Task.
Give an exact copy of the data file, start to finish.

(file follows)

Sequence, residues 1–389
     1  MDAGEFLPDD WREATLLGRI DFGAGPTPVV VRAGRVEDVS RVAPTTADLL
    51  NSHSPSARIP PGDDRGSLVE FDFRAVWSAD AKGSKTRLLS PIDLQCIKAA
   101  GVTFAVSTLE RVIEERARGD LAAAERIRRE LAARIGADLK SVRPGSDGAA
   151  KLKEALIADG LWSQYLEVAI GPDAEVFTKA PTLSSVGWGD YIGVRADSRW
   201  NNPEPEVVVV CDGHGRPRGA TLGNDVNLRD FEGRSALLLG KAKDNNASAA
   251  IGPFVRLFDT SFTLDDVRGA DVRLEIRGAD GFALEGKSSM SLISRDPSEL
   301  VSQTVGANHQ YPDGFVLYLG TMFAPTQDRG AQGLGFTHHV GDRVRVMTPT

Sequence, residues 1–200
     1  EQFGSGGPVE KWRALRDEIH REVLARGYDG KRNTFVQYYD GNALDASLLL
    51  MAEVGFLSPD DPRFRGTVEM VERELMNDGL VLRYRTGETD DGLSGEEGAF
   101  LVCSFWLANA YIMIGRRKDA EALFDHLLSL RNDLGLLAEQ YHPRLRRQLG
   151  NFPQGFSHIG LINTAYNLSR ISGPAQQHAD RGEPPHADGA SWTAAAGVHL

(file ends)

Sequence, residues 1–389
     1  MDAGEFLPDD WREATLLGRI DFGAGPTPVV VRAGRVEDVS RVAPTTADLL
    51  NSHSPSARIP PGDDRGSLVE FDFRAVWSAD AKGSKTRLLS PIDLQCIKAA
   101  GVTFAVSTLE RVIEERARGD LAAAERIRRE LAARIGADLK SVRPGSDGAA
   151  KLKEALIADG LWSQYLEVAI GPDAEVFTKA PTLSSVGWGD YIGVRADSRW
   201  NNPEPEVVVV CDGHGRPRGA TLGNDVNLRD FEGRSALLLG KAKDNNASAA
   251  IGPFVRLFDT SFTLDDVRGA DVRLEIRGAD GFALEGKSSM SLISRDPSEL
   301  VSQTVGANHQ YPDGFVLYLG TMFAPTQDRG AQGLGFTHHV GDRVRVMTPT

Sequence, residues 1–200
     1  EQFGSGGPVE KWRALRDEIH REVLARGYDG KRNTFVQYYD GNALDASLLL
    51  MAEVGFLSPD DPRFRGTVEM VERELMNDGL VLRYRTGETD DGLSGEEGAF
   101  LVCSFWLANA YIMIGRRKDA EALFDHLLSL RNDLGLLAEQ YHPRLRRQLG
   151  NFPQGFSHIG LINTAYNLSR ISGPAQQHAD RGEPPHADGA SWTAAAGVHL